This charity concert (supporting the Cots for Tots appeal) filled St George’s Bristol with the sound of J.S. Bach’s Mass in B minor. There was passion in the performance of the St Michael’s orchestra and chorus, which was made up of a combination of doctors and volunteers. Had I not had a programme for the concert, I would have happily thought that this was a group of professional players and singers. They tackled the mass with relative ease and clearly put a lot of effort in to their performance, which made it burst at the seams with energy.

The St Michael’s Chorus and Orchestra sang and played alongside four professional soloists under the baton of the widely known David Lowe. He was engaging to watch, demonstrating command and a certain charming affiliation with the orchestra and singers. His style of conducting involved many different gestures, from pointing to mimicking playing the strings at one point. Having been a professor of singing at the Royal Academy of Music, he knew how to get the best out of all of the singers – professional and non-professional alike. The four soloists were Helen Swift (soprano), Robin Blaze (countertenor), Robert Murray (tenor) and George Humphreys (baritone). Robin Blaze had a wonderful purity to his voice, which was most detectable in his solo performances. His duets with Helen Swift were also interesting to hear with the female and male voice combining yet singing at similar pitches. It was a rare treat to hear a male countertenor sing in this piece, as so often the part is sung by a female alto.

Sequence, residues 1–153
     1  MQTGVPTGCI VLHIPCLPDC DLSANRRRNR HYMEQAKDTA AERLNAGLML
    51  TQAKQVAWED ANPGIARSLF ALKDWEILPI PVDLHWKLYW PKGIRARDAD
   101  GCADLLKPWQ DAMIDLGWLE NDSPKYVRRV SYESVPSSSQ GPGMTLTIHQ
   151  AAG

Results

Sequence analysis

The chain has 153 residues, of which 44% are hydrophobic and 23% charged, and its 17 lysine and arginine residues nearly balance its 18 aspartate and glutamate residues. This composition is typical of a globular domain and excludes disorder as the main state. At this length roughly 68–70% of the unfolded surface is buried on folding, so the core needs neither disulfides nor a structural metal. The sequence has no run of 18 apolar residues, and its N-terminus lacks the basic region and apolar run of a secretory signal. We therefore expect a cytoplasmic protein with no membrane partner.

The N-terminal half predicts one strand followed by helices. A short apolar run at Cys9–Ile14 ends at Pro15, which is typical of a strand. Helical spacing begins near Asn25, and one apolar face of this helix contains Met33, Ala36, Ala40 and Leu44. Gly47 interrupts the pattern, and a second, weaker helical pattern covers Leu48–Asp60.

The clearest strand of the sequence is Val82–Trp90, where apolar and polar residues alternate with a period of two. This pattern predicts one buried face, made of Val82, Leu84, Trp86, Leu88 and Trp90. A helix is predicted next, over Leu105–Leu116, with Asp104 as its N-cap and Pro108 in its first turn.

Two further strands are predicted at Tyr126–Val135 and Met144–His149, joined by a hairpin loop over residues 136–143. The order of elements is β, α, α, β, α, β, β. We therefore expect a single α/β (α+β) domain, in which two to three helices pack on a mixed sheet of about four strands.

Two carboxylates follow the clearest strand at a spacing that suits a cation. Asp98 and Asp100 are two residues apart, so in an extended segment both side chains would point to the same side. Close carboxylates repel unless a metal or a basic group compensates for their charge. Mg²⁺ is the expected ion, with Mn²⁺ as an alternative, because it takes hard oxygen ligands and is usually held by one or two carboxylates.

The split entries in the choral parts were precise and the dynamics were moderated to just the right level so the orchestra didn’t overpower the choir and vice versa. Rather epic in scale, Bach’s Mass is the last large-scale piece that he finished in 1749 before his death the following year. It is regarded as a musical summary of his compositional career, employing as many of his stylistic features, techniques and devices as he could squeeze in. Bach’s ability to write seemingly never-ending phrases that somehow end up back in the right key never fails to amaze. It was amazing to see the St Michael’s chorus handle this so well as the different parts sounded technically challenging on their own, let alone being sung alongside each other.

The B minor Mass is a great piece for a big group to perform, as it has a diverse range of groupings giving lots of separate moments to individuals. The Benedictus was sung by tenor Robert Murray and accompanied by flute and organ. The flautist stood up to play the solo and gave what could have happily been a professional performance. The juxtaposition of the tenor voice and flute was particularly beautiful. This contrasted nicely with the two explosive Osannas either side of it, complete with timpani and a large, resonant sound that really created an impression.

Overall, this was a delightful concert and a polished performance. I think that the very nature of the concert being for charity led to a lot of feeling being put into the music and therefore making it an identifiable and friendly performance. Hopefully the St Michael’s chorus and orchestra will be back in St George’s again before long, as I look forward to see what they come up with next.